Childhood dream of opening a teashop
It was the summer of 2005.
My husband, Tony, and I were somewhat disillusioned with England (commuting to London, the competitiveness of life and more) and wanted very much to do something different with our lives.
We also still had a mortgage and were approaching the dreaded middle age.
Ever since my teens I had wanted to open a tearoom and so I persuaded my family to take a chance, sell our house in Tunbridge Wells and rent in France on a search for a property that might be suitable for such a venture.
Some of our friends cautioned against such a move, but in the final analysis we decided that if we did not seek to realise our dreams as we approached the middle and final stages of our lives then when would we do it.
Better to try whilst we still had stamina and vision.
Why France you might ask?
We chose France largely because we had enjoyed some happy holidays here in the past and also, bearing in mind that we wanted to replicate an English style tearoom serving creams and jams and selling a few other products such as select teas not to mention PG Tips and Typhoo, close proximity to Angeleterre was an incentive.
Over the next month we rented our friend Fiona Brown’s cottage in St. Jean de Villenard, near Ploermel in Brittany using it as a base and travelling thousands of miles across France from Brittany to the Limousine to the Languedoc.
Some of the properties we viewed were so dreadful that the descriptions by the estate agents should really have been exposed under the ‘Trades Descriptions Act’.
We had originally had the idea that we wanted to be 15 minutes either side from the sea and the mountains and, in fact, we did very nearly buy one that was exactly that near Beziers.
The property at 6, Avenue Rochechouart was actually the very last building we were scheduled to see during our first search and, being in the Loire Valley, we were not at all certain if this is where we wanted to live.
What did attract us was the fact that the house was next to an ancient abbey of Fontevraud where we knew the links between France and England were historically very strong.
It also made good business sense to think of positioning our prospective business next to an historical monument, as we knew that we;
a) wanted to be part of culturally vibrant community where tourists would visit and,
b) somewhere that appealed to our more romantic sense of history, myth and legend.
It was a bitterly cold December afternoon when we drove to Fontevraud and discovered this most amazing house.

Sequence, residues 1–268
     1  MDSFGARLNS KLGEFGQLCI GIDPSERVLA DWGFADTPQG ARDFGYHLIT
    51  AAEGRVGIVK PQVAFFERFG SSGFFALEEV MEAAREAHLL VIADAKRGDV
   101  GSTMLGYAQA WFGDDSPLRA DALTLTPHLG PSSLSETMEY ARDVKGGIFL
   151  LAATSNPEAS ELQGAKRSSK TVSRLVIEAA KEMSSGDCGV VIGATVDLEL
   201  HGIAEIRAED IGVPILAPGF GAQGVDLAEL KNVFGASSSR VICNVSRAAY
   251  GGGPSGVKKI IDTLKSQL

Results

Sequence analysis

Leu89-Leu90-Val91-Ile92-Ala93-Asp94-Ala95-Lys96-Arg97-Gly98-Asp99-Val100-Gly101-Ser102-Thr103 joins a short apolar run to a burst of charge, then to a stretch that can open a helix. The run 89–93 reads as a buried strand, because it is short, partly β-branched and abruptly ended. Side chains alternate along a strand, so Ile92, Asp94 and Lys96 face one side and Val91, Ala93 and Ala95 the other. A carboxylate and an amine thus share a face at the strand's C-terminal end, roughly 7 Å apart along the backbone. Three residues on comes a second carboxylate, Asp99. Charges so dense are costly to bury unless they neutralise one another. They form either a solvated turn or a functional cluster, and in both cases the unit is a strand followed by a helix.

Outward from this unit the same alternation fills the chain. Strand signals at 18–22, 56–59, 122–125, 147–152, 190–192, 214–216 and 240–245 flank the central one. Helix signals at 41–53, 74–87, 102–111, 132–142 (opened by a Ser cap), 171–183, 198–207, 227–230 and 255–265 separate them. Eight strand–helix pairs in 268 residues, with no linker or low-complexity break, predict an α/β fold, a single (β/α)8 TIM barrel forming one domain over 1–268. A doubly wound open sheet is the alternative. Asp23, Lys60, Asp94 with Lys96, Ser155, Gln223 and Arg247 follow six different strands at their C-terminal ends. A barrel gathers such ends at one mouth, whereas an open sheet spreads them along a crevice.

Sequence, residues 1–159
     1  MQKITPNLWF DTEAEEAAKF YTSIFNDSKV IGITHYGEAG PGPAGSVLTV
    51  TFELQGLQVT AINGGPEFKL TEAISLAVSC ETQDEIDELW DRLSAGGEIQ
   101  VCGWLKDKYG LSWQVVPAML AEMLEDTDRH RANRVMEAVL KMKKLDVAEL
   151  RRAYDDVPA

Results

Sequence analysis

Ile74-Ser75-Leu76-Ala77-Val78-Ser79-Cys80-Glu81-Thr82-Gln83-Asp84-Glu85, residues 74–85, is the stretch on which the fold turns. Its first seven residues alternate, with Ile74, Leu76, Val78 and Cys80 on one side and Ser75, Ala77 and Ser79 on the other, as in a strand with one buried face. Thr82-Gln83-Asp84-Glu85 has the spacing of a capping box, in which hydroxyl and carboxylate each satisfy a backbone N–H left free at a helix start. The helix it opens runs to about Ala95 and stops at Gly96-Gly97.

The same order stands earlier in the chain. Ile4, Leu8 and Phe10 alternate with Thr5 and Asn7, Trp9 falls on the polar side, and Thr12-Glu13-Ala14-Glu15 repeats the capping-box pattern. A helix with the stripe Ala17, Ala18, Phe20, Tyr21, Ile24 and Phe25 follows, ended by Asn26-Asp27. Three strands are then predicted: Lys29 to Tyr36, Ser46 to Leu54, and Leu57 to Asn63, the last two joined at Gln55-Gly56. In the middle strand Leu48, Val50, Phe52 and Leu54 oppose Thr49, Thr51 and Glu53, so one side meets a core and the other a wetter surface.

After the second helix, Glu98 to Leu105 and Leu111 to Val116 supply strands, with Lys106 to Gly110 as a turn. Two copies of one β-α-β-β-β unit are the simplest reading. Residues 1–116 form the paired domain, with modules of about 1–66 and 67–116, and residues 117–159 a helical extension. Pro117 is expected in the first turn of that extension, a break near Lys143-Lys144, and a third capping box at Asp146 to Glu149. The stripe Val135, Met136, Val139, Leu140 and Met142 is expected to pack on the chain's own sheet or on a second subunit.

Built in 1865 of creamy Tuffeau stone with ornate carvings and arranged over four floors with a beautifully ornate spiral staircase, it has retained lots of original features including stone fire-places, oak beams and a splendid dining room.
It also had a salon (the house had been, at one point, a creperie) that would be perfect for what we now describe as our Salon de Thé and where we now also sell arts and crafts, English groceries, health foods, books, bric-a-brac and gifts.
With enough accommodation to run a chambre d’hôtes and for us to live comfortably, it had the added bonus of a roof terrace with panoramic views of the abbey and of the forest and vineyards that skirt the village.
We fell in love instantly with both the house and the abbey, plus there even seemed to be tourists walking about on this cold winter’s day.
The house was a little pricier then we had budgeted for, but we put in an offer there and then and we have not regretted making the bigger investment.
We moved in March 2006.
Acquisitions included some rather wonderful tapestries we bought on a budget from Brocantes and the fantastic Emmaüs and Aspire projects —charities that earn money by running thrift stores — plus ‘high street’ stores such as Conforama and But.
The house, for its age, was in surprisingly good order and the only thing we have really had to do is create an en-suite for the first-floor guest room.
We had enormous difficulty finding a plumber to do the work.
In fact, we never did find one who was available when we needed him so we ‘took the plunge’ and did the work ourselves.
As none of our visitors has complained yet, we can only assume we’ve done a reasonable job.
Now, two years later, we feel very much a part of the community here in Fontevraud.
We have made some wonderful friends from a diversity of backgrounds including French, German, Dutch, American, and of course English. Our business will probably not make us a fortune, but we have lovely customers who visit our tearoom and guests from all over the world who stay in our Chambres, Flora and Rose.
Some of them return time after time and every day that we walk out onto our terrace and view the breathtaking view of the abbey and its surroundings, we know that we made the right decision to move here.
One of our customers from the Czech Republic described his experience at Chez Teresa as ‘a taste of English heaven’ others have described our cakes as ‘sublime’ and the atmosphere of our shop like the old English corner shop of yesteryear.
Recently, we have hosted a series of ‘end of term’ tea-parties for French ladies who are learning English and last week one of them described our dining room as ‘like a film set’, so this definitely brought a smile to our faces.
Coming from a 24/7 culture, we sometimes get frustrated that the ‘Bricolage’ store closes for a two and half hour lunch breaks – especially when you are doing up a property, as we were in the beginning.
However, on balance, we love the sense of ‘joie de vivre’ that is part of living in France, and for the time being at least, we ‘would not swap it for the world…. ‘
By Teresa Dolan.
Visit here for more information on Teresa’s business.